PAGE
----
BIMWC1-The Management of Vertebrates for Conservation

Module Provider: School of Biological Sciences
Number of credits: 10 [5 ECTS credits]
Terms in which taught: Autumn term module
Non-modular pre-requisites:
Modules excluded:
Module version for: 2016/7

Module Convenor: Dr Colin Prescott


Summary module description:

This module aims to provide students with an understanding of the potential impact of vertebrate pests on the managed and natural environment, and the necessity for their control.

Assessable learning outcomes:
• assess the negative impact of vertebrate species on conservation and the environment
• design control strategies that integrate different methods of control (lethal and non-lethal)
• take account of the law, animal welfare issues, non-target issues and public concern when dealing with vertebrate pest species

Additional outcomes:
The module will also provide the students with an opportunity to develop their written and oral presentational skills during discussion sessions. The module provides a valuable link with other groups working on environmental issues (for example English Nature; Game and Wildlife Conservation Trust; The Deer Initiative) which can provide opportunities for Research Projects.

Outline content:
Some vertebrate species interfere with man's activities, in which case they are assigned the label "pest". The first reaction is often to control them. In certain situations (e.g. agriculture), where the objective is to control damage, methods can be applied to reduce the average abundance of the pest species. In other situations (e.g. hospitals, human dwellings, or on islands), the objective can be eradication. Alternatively, where control is unacceptable (badgers) or impractical (rabbits), physical barriers may be used to exclude the pest species. Where vertebrates impact on the natural environment, their control often becomes an integral part of wildlife management and conservation. However, there are also concerns about the use of vertebrate pesticides and their detrimental effect on the environment.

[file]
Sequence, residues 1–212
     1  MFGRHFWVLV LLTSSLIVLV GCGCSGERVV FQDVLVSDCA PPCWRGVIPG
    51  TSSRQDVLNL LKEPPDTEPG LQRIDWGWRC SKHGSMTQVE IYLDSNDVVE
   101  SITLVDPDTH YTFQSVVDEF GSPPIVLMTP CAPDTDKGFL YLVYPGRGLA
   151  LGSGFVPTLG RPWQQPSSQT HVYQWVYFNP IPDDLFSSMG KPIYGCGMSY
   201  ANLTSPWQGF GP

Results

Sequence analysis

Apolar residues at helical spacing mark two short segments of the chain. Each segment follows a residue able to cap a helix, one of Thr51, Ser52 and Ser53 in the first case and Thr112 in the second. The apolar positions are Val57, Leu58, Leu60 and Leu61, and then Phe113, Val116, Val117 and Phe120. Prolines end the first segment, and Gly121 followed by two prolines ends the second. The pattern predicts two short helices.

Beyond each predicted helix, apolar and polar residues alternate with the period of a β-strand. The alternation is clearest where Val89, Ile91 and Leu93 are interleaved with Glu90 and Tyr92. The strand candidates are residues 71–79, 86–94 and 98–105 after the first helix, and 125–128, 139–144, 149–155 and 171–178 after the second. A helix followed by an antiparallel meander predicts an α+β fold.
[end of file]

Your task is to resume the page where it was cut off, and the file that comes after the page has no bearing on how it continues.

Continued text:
Brief description of teaching and learning methods:
A large proportion of this module is presented by visiting lecturers who are recognised authorities in their field. Accordingly, methods of presentation vary considerably, and include a variety of techniques (e.g. PowerPoint, slides, video etc) admixed with discussion around the topic. At the Game and Wildlife Conservation Trust headquarters at Fordingbridge, the students are given a considerable amount of relevant literature that complement a series of seminars and presentations.

Contact hours:
  Autumn Spring Summer
Lectures 27
External visits 6
Guided independent study 67
Total hours by term 100.00
Total hours for module 100.00

Summative Assessment Methods:
Method Percentage
Written exam 60
Written assignment including essay 40

Other information on summative assessment:
Coursework: Students independently write a structured review of one aspect of the topic.

Relative percentage of coursework: 40%

Formative assessment methods:
Written assignment – essay.

Penalties for late submission:
Penalties for late submission on this module are in accordance with the University policy. Please refer to page 5 of the Postgraduate Guide to Assessment for further information:

Length of examination:
A 1.5 hour examination requiring the answer to one question from three. This contributes 60% of the overall assessment.

Requirements for a pass:
A mark of at least 50%.

Reassessment arrangements:
Re-examination in August/September

Additional Costs (specified where applicable):
1) Required text books:
2) Specialist equipment or materials:
3) Specialist clothing, footwear or headgear:
4) Printing and binding:
5) Computers and devices with a particular specification:
6) Travel, accommodation and subsistence:

Last updated: 21 December 2016

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